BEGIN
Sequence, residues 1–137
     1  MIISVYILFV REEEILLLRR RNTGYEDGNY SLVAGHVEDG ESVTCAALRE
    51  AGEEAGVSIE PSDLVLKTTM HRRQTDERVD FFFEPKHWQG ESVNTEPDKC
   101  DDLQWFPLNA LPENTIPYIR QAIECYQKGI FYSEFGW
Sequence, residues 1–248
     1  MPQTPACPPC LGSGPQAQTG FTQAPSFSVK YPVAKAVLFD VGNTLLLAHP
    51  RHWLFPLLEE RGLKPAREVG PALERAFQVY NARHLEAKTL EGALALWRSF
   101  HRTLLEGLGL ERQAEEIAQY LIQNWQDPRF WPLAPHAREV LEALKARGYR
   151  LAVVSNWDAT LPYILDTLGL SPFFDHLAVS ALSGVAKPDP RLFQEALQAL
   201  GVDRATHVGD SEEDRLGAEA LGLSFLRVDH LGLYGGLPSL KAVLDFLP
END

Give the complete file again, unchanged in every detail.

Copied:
Sequence, residues 1–137
     1  MIISVYILFV REEEILLLRR RNTGYEDGNY SLVAGHVEDG ESVTCAALRE
    51  AGEEAGVSIE PSDLVLKTTM HRRQTDERVD FFFEPKHWQG ESVNTEPDKC
   101  DDLQWFPLNA LPENTIPYIR QAIECYQKGI FYSEFGW
Sequence, residues 1–248
     1  MPQTPACPPC LGSGPQAQTG FTQAPSFSVK YPVAKAVLFD VGNTLLLAHP
    51  RHWLFPLLEE RGLKPAREVG PALERAFQVY NARHLEAKTL EGALALWRSF
   101  HRTLLEGLGL ERQAEEIAQY LIQNWQDPRF WPLAPHAREV LEALKARGYR
   151  LAVVSNWDAT LPYILDTLGL SPFFDHLAVS ALSGVAKPDP RLFQEALQAL
   201  GVDRATHVGD SEEDRLGAEA LGLSFLRVDH LGLYGGLPSL KAVLDFLP